The name Elizabeth in its various linguistic forms has been around since the Middle Ages, mainly popularized by the French (using the spelling Élisabeth). Elizabeth with a “z” is the typical English spelling; most other European languages use the “s.” Elizabeth is a name borne from the Bible (Luke 1:5-80) as the wife of Zachariah and the mother of John the Baptist. The name is essentially Greek (Elisabet) from the Hebrew (Elisheva) meaning “God is my oath.” In the Biblical story, we learn that God looks favorably upon Zachariah and Elizabeth as “they were both righteous before God…but they had no child, because Elizabeth was barren, and both were advanced in years.” (Luke 1:6). The angel Gabriel is sent to Zachariah with a message that Elizabeth will have a son and “you shall call his name John.” Gabriel also says that John’s birth will be cause for much rejoicing and that the baby will be filled with the Holy Spirit even from Elizabeth’s womb. Zachariah expressed disbelief since his wife was well past childbearing years. As punishment for his doubt, God struck Zachariah mute. Sure enough, Elizabeth became pregnant and gave birth to John, after which Zachariah’s voice was restored. Around the same time, Mary became impregnated by the Holy Ghost with Jesus (Mary and Elizabeth are contemporaries; tradition holds they are cousins). John the Baptist’s role is important because it will later become his job to prepare the people for the coming of the Messiah, the knowledge of salvation and the forgiveness of sins “because of the tender mercy of our God” (Luke 1:78). And John the Baptist also has the honors of having baptized Jesus in the River Jordan. In other words, John was one important Biblical dude among Christians and Elizabeth was the Baby Mama. It’s no surprise that the Biblical Elizabeth became the inspiration behind the usage of her name, and why so many Christianized European countries embraced it since the early Middle Ages (her Feast Day is November 5). The much admired Saints Elizabeth of Hungary and Elizabeth of Portugal also encouraged the usage of Elizabeth in later medieval times; further cementing the name’s lasting popularity. Elizabeth is up there with Mary, Margaret and Catherine as a long-enduring and enormously popular female name; names which have also spawned scores of variations and pet forms. Here is how Elizabeth is rendered in some other languages: Elisheba (Biblical Hebrew), Élisabeth (French), Elisavet (Greek), Elikapeka (Hawaiian), Eilís (Irish-Gaelic), Elisabetta (Italian), Elżbieta, (Polish), Elizaveta (Russian), Elisabet (Scandinavian), Elspeth, (Scottish), Isabel (Spanish), Elsa (Swedish).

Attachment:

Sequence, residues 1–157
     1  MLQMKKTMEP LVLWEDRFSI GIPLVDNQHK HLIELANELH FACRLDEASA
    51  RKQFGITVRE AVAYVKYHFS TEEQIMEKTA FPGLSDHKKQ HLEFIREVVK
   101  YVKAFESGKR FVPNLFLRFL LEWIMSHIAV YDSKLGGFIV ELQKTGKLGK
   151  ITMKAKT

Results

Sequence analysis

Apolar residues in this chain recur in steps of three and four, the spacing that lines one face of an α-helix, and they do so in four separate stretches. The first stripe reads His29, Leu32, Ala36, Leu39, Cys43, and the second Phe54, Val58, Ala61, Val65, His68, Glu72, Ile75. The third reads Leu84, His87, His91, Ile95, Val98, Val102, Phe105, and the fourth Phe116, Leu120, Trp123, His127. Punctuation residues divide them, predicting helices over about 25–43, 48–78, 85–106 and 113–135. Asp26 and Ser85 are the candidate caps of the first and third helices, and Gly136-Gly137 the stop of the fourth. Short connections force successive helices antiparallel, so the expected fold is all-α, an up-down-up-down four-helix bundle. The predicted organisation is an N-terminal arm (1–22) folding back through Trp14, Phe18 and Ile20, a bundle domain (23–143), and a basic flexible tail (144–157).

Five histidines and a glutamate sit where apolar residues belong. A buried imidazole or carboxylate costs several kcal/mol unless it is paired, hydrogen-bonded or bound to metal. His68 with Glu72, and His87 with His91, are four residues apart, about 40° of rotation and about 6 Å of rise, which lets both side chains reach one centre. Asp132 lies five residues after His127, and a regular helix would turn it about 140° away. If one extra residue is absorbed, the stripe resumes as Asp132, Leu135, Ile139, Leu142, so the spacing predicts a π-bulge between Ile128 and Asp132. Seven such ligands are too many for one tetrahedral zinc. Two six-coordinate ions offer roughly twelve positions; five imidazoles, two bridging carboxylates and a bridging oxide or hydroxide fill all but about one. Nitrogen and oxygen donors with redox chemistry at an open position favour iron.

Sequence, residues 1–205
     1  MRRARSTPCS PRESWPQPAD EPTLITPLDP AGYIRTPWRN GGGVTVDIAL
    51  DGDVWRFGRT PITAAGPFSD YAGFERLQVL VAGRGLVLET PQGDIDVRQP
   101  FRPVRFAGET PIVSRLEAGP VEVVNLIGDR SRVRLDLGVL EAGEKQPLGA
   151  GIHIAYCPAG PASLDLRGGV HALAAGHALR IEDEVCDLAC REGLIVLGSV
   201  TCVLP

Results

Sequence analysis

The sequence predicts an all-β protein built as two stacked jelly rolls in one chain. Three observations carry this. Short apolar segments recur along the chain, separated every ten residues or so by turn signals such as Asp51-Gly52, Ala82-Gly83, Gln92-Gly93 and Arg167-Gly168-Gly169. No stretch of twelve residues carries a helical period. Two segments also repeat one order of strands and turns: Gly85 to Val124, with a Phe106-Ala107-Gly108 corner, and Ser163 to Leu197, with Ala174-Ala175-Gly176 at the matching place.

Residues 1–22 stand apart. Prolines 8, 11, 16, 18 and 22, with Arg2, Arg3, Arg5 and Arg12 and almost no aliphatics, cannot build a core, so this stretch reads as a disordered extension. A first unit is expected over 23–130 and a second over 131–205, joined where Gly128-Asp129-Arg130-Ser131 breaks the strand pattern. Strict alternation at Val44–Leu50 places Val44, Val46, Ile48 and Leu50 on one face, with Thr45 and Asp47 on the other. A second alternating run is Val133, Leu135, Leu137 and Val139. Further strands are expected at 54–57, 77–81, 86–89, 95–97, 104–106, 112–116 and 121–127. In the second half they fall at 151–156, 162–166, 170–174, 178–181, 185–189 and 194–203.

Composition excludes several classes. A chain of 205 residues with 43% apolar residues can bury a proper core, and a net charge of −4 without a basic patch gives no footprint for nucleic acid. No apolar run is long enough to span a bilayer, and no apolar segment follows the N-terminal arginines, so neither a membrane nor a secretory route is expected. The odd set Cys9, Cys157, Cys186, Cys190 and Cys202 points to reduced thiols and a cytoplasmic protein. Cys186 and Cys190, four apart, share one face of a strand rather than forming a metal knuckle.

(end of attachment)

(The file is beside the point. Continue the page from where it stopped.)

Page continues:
Meaning: God her oath